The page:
Technology showcase provides teachers with new learning tools
The Press of Atlantic City
May 9, 2001

Education Writer, (609) 272-7241

GALLOWAY TOWNSHIP — Eileen Verde knows that standing in front of a classroom and lecturing is just not going to make it with today’s high school students.

“These are TV kids,” said Verde, an Ocean County Vocational-Technical School math teacher. “If you want to keep their attention, lessons have to be fun.”

That means using technology to catch their interest and giving them lots of practical problems they can relate to.

“When we use computers, the students get the concepts faster,” Verde said. “And once they get it, they’re more willing to put the time in to practice.”

Which is why Verde was among about 200 teachers from southern New Jersey attending Tuesday’s regional technology showcase for math and science.

Its purpose was to share successful programs that teachers are using to meet the state standards in math and science.

“We want to make sure technology is being used on the local school level,” said Julia Stapleton, Director of Technology for the New Jersey Department of Education.

Preliminary results from the state’s 2000 technology survey show that almost 72 percent of public schools have Internet connections in the classroom, and the ratio of students to computers is 5 to 1.

But only 10 percent of the schools report that the majority of students use the Web on a regular basis, and 30 percent of teachers are still at the beginner’s level in using technology.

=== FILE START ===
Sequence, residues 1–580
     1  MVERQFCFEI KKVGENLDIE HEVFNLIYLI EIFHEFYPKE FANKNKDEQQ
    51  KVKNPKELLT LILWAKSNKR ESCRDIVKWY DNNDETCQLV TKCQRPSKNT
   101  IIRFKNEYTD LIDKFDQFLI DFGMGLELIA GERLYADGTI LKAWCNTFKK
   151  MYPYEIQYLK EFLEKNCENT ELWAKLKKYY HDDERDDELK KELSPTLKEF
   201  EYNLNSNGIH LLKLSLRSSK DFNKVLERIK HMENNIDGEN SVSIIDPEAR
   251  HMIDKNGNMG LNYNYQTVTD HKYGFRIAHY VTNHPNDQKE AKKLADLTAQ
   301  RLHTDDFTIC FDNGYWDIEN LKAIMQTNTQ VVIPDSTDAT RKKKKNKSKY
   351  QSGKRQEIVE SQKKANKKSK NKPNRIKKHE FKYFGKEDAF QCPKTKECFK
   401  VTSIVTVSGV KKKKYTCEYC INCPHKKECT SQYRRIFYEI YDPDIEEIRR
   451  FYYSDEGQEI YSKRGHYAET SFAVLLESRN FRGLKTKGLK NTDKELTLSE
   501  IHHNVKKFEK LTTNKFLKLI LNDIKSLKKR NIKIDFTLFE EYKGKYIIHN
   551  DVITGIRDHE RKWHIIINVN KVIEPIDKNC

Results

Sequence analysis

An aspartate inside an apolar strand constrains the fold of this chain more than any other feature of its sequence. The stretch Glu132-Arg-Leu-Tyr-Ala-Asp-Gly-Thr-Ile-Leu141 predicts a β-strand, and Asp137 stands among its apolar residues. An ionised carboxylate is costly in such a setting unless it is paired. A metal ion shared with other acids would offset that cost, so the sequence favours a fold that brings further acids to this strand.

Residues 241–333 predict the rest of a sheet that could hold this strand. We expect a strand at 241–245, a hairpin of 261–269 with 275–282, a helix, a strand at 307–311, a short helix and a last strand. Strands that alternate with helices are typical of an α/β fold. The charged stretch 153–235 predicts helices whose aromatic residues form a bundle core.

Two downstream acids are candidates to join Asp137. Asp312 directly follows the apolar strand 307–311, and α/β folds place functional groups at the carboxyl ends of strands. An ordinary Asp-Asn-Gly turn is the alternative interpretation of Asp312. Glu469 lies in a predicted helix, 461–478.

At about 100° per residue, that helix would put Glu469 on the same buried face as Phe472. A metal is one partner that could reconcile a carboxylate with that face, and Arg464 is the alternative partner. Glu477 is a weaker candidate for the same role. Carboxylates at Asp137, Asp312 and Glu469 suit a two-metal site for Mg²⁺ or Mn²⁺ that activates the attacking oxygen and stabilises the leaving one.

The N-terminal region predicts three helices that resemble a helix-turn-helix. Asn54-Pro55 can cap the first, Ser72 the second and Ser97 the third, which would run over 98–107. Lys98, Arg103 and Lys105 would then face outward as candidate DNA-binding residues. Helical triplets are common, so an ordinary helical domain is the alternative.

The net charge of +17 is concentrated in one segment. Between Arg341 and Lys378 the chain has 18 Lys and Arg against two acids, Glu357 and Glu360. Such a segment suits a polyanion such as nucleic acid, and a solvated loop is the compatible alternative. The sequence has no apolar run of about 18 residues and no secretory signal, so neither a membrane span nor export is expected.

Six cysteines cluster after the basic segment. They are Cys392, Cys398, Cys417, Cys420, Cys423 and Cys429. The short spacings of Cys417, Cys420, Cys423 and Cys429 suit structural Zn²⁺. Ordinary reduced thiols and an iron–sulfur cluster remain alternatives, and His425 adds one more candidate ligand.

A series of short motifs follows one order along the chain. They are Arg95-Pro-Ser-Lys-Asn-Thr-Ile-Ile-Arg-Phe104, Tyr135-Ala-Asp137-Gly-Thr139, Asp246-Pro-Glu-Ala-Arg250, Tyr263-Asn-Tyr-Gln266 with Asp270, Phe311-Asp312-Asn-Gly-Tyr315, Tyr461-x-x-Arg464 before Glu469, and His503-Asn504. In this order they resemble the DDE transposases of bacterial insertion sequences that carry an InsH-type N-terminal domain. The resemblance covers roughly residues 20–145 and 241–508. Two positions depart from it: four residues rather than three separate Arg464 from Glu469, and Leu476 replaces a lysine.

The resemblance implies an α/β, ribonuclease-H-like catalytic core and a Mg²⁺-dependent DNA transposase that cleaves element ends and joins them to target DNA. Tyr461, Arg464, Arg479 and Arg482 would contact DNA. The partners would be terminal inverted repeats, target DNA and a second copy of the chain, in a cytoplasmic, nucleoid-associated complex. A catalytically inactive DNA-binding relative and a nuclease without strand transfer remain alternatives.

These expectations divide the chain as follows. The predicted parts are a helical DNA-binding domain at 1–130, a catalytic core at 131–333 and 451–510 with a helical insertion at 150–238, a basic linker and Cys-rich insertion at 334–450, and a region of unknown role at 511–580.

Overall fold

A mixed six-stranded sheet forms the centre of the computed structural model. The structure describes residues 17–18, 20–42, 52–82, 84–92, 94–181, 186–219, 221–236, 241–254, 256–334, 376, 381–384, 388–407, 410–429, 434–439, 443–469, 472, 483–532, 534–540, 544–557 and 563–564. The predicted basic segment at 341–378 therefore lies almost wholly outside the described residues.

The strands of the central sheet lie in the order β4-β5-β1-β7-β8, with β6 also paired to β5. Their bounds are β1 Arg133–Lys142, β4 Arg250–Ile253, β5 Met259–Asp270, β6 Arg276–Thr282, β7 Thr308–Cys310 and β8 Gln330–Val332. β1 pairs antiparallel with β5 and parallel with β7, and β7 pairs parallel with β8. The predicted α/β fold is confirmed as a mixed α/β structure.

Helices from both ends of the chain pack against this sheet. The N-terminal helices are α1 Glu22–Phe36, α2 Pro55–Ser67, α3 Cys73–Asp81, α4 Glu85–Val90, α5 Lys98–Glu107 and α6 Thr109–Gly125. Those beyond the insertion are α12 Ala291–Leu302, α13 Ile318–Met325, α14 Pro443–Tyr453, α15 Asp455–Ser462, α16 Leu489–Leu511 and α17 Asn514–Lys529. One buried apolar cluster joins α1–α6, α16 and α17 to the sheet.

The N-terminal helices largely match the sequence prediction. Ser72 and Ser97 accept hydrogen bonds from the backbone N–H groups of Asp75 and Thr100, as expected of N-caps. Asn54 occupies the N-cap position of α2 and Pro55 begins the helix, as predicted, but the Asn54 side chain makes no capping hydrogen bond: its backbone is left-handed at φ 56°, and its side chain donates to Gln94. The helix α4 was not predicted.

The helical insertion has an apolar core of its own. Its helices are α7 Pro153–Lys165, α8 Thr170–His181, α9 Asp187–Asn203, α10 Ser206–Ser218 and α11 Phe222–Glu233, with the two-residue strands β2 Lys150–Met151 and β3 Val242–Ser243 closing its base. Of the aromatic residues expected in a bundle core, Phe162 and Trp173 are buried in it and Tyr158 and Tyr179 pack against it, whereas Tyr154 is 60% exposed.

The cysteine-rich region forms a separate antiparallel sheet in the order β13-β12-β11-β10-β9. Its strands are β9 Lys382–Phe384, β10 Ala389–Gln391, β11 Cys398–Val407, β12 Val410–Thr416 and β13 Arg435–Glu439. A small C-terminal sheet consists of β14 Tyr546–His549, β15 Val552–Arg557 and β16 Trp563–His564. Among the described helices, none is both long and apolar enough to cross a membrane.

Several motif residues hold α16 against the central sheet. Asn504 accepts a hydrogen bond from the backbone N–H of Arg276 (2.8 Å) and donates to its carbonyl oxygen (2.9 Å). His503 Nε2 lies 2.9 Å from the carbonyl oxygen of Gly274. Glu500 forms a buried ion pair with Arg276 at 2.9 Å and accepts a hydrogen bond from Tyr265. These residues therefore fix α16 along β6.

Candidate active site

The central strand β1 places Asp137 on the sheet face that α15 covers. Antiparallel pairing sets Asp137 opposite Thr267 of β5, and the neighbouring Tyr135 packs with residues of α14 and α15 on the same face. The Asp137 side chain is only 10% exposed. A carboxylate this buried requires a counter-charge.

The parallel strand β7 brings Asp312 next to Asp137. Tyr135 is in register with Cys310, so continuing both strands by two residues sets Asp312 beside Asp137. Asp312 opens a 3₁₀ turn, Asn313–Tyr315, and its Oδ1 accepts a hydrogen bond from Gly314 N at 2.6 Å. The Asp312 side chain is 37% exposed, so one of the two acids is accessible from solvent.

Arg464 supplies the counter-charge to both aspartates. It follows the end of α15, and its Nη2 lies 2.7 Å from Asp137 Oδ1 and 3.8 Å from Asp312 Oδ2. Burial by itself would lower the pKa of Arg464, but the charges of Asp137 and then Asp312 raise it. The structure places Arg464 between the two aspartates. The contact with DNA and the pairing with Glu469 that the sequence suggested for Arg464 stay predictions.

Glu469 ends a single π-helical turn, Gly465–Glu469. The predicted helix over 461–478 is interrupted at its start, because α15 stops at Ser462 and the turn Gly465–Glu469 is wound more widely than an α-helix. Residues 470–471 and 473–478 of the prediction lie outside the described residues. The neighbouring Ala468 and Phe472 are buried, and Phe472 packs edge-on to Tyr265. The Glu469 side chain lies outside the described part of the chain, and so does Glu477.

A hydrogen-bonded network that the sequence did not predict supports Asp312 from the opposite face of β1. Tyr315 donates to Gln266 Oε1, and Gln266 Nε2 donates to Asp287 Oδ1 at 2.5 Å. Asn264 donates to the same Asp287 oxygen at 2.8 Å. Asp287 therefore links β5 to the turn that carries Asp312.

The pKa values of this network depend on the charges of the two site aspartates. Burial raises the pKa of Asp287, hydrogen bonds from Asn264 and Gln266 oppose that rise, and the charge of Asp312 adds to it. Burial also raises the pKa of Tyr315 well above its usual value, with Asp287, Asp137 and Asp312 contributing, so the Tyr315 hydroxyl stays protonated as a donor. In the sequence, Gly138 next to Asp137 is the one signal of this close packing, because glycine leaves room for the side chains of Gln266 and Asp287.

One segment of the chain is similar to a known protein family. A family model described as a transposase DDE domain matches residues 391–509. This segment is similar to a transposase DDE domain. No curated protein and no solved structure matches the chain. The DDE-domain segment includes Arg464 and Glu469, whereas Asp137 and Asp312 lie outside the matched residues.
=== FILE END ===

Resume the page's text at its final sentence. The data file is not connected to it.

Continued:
“Our challenge is not just to get the equipment, but to have teachers who know how to use it,” said Deborah Cook, project director for the New Jersey Statewide Systemic Initiative, or SSI, at Rutgers University, which is helping promote initiatives that meet the state standards.

The SSI coordinated the workshop with the Atlantic County Educational Technology Training Center at the Richard Stockton College of New Jersey.

Teachers spent the day listening to other teachers talk about projects that used programs like Excel and Power Point, as well as computerized microscopes, digital cameras, graphing calculators and Geometer’s Sketchpad. Company representatives were on hand to show how their products work.

“I would have loved to have that microscope when we did a fingerprinting project,” said Egg Harbor City teacher Thomas Culleny.

The Rittenberg School where Culleny teaches is pretty technologically advanced, he said, and he and co-worker Scott Magann were looking for interactive projects they could bring back to share with both students and staff.

“Technology is a way to reach more students,” Culleny said.

Last week, the state DOE also announced its first Technology Fellowships, which will allow 20 teachers to take a year off to travel around the state and share their projects with other teachers.